White oaks thrash, moonlight drifts
the ceiling, as if I'm under water.
Propane coils, warms my bones.

Gone are the magics and songs,
all the things our grandmothers buried—
piles of feathers and angel bones,

inscribed by all who came before.
When I was twelve, my cousins
called me ugly, enough to make it last.

Tonight a celebrity on Oprah
imagines a future where features
can be removed and replaced

on a whim. A moth presses wings
thin as paper against my window,
more beautiful than I could ever be.

Ryegrass raise seedy heads
beyond the bull thistle and preen.
Everything alive aches for more.

Copyright © Kari Gunter-Seymour. This poem originally appeared in A Place So Deep Inside America It Can’t Be Seen (Sheila-Na-Gig Editions, 2020). Used with permission of the author.

I woke to rapid flapping, the air cold
the time unknown. The dog’s paws tapping
on chill hardwood floor. Sudden
commotion. Jumping to corral what was
assumed to be an animal fight, I find
a California Towhee in my dining room.
Frantic, frightened. Brisk movement in her
wings making the room that much more frigid.
I stammer to her. Follow her room to room
as she attempts to fly her way out of walls
until she finally calms, allowing me to cup her
into my hands. We sit together outside
on a frosty concrete step. My bare feet
settling on top of wet fall leaves, gathering
the taste of morning in my mouth, the scent
of rain and dirt. She catches her breath.
My thumb softly wrapped around her chest
feeling her heart rate regulating, her eyes opening,
her fear receding. Leaves rustle, wind and traffic
move along while she and I watch each other
in a place where time moves slower than the rest
of the world. Her eyelids the color of peach
and terracotta. Her body the rusty hue of autumn.
Her eyes the same shade as mine, dark as loam.
I flatten my hand. She doesn’t move. We sit
together for what seems like hours. What seems
like fate when safety is reciprocated. Ten minutes
later she flies, stops on a dog-eared picket
and looks back. The dog quietly watches me.
How I love and let go all at once.

Copyright © Georgina Marie Guardado. Used with permission of the author.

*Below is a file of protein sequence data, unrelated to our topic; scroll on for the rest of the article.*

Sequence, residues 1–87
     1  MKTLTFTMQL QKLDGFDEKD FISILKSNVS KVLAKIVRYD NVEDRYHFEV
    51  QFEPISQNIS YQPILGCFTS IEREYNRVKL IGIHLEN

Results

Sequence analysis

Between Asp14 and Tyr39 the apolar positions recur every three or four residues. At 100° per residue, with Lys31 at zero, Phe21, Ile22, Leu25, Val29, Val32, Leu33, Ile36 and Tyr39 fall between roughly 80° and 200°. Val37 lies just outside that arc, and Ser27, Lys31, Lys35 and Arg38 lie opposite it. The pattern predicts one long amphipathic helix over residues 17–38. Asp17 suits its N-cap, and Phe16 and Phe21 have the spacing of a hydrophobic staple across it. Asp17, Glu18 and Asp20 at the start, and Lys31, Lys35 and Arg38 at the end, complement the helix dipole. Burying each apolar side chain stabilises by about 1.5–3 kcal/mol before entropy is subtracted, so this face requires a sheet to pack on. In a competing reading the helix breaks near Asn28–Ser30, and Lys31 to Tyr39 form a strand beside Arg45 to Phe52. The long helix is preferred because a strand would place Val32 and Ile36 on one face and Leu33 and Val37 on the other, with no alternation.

Usually, it’s the males. Maybe
they’ve gone out with buddies
in their leks, keeping their radar
tuned for female bees as they move
from sweet pea to mallow flower and
snapdragon, gathering pollen
in those hairy saddlebags called
corbiculae. Maybe they have
no place to return or are lost,
having gone too far from the nest.
Maybe the empty football fields
and elementary school playgrounds,
long unmowed since our common
isolation and teeming now
with yellow dandelions, proved
too much. Sweet alyssum,
phlox; wisteria cascading heavy
out of themselves. Honeysuckle
and evening-scented stock,
dianthus crowned with hint
of cinnamon and smoky clove.
Female bees will also burrow
deep inside the shade of a squash
flower: the closer to the source
of nectar, the warmer and more
quilt-like the air. In the cool
hours of morning, look closely
for the slight but tell-tale
trembling in each flower cup:
there, a body dropped mid-flight,
mid-thought. How we all retreat
behind some folded screen as work
or the world presses in too
soon, too close, too much.

Copyright © Luisa A. Igloria. This poem was originally published by Digging Press. Used with permission of the author.

I'm working on a poem that's so true, I can't show it to anyone.

I could never show it to anyone.

Because it says exactly what I think, and what I think scares me.

Sometimes it pleases me.

Usually it brings misery.

And this poem says exactly what I think.

What I think of myself, what I think of my friends, what I think about my lover.


Parts of it might please them, some of it might scare them.

Some of it might bring misery.

And I don't want to hurt them, I don't want to hurt them.

I don't want to hurt anybody.

I want everyone to love me.

Still, I keep working on it.


Why do I keep working on it? 

Nobody will ever see it. 

Nobody will ever see it.

I keep working on it even though I can never show it to anybody.

I keep working on it even though someone might get hurt.

Copyright © 2000 by Lloyd Schwartz. From Cairo Traffic (The University of Chicago Press, 2000). Appears courtesy of the author.